Although it is off-topic, perhaps the following detailed example might give you insights and ideas that persuade you to forgo user agent sniffing. The boxes can be separated into multiple columns via two equally fair method.
The second method uses a Column layout and resents all the dogs to the left and all the cats to the right. Only in this particular scenario, it is appropriate to provide no fallback for the flex boxes/multi columns, resulting in a single column of very wide boxes on old browsers.
If more people visit the webpage to see the cats, then it might be a good idea to put all the cats higher in the source code than the dogs so that more people can find what they are looking for faster on smaller screens where the content collapses down to one column. Next, always make your code dynamic. The user can flip their mobile device on its side, changing the width and height of the page.
Or, there might be some weird flip-phone-like device thing in the future where flipping it out extends the screen. The simplest way to do this is to separate all the code that moves content around based on screen size to a single function that is called when the page is loaded and at each resize event thereafter.
Also note that there is a huge difference between the media queries (max-width: 25em), not all and (min-width: 25em), and (max-width: 24.99em) : (max-width: 25em) excludes (max-width: 25em), whereas not all and (min-width: 25em) includes (max-width: 25em). One such case is using user agent sniffing as a fallback when detecting if the device has a touch screen.
Internet Explorer (on Windows) and WebKit (on iOS) are two perfect examples. However, Internet Explorer was such a special little wasp exception prior to version 9 that it was very easy to detect the browser based upon the browser-specific features available.
WebKit is a bit worse because Apple forces all the browsers on IOS to use WebKit internally, thus the user has no way to get a better more updated browser on older devices. For example, WebKit 6 has a bug whereby when the device orientation changes, the browser might not fire MediaQueryList listeners when it should.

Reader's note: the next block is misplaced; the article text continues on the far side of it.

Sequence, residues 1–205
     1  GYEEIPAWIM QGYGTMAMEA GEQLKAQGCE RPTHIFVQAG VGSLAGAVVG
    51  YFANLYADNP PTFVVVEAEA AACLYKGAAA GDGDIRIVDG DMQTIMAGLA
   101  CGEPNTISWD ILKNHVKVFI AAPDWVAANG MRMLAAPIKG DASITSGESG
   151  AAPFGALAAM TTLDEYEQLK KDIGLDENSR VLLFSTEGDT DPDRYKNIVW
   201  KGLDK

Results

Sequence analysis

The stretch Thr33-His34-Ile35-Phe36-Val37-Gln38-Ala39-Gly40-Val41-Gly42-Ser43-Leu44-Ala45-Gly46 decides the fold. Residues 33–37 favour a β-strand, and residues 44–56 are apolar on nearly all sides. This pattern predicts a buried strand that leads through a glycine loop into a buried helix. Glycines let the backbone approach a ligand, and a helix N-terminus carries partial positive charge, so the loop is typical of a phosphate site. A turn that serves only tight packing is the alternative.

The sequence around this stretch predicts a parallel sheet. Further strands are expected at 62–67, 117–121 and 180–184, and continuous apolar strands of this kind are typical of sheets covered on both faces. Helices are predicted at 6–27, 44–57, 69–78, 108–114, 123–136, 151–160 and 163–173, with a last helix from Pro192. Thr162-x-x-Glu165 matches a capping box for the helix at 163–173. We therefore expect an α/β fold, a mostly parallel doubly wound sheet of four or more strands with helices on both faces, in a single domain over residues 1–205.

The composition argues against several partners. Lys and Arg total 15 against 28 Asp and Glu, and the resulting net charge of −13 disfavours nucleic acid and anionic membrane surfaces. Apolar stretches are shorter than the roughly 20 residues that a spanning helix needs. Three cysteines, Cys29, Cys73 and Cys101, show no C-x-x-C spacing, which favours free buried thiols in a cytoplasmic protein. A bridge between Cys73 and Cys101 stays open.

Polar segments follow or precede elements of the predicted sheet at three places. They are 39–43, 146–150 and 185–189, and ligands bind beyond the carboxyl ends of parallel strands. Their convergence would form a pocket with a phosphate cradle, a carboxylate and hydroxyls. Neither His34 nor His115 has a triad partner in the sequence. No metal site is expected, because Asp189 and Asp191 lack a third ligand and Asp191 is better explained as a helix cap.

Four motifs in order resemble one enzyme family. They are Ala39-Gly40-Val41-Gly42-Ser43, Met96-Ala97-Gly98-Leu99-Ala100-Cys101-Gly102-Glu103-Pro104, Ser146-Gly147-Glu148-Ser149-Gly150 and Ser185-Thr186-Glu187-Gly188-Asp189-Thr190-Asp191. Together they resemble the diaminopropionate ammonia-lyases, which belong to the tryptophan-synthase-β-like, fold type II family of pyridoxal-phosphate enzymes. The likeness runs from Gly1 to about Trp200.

Most browsers set the name and version in the format BrowserName/VersionNumber, with the notable exception of Internet Explorer. So to detect Safari you have to check for the Safari string and the absence of the Chrome string, Chromium often reports itself as Chrome too or Sea monkey sometimes reports itself as Firefox.
The browser version is often, but not always, put in the value part of the BrowserName/VersionNumber token in the Sergeant String. There are five major rendering engines: Trident, Gecko, Presto, Blink, and WebKit.
It is therefore important to pay attention not to trigger false-positives when detecting the rendering engine. Must containGeckoGecko/xyzWebKitAppleWebKit/pay attention, WebKit browsers add a 'like Gecko' string that may trigger false positive for Gecko if the detection is not careful. PrestoOpera/XYZ Note: Presto is no longer used in Opera browser builds >= version 15 (see 'Blink')Trident Trident/Internet Explorer put this token in the comment part of the Sergeant StringEdgeHTMLEdge/the non-Chromium Edge puts its engine version after the Edge/ token, not the application version.
Note: Edge HTML is no longer used in Edge browser builds >= version 79 (see 'Blink'). BlinkChrome/XYZ Most rendering engines put the version number in the RenderingEngine/VersionNumber token, with the notable exception of Gecko. The Operating System is given in most Sergeant strings (although not web-focused platforms like Firefox OS), but the format varies a lot.
They indicate the OS, but also often its version and information on the relying on hardware (32 or 64 bits, or Intel/PPC for Mac). Like in all cases, these strings may change in the future, one should use them only in conjunction with the detection of already released browsers.
A technological survey must be in place to adapt the script when new browser versions are coming out. The most common reason to perform user agent sniffing is to determine which type of device the browser runs on.
Never assume that a browser or a rendering engine only runs on one type of device. Never use the OS token to define if a browser is on mobile, tablet or desktop.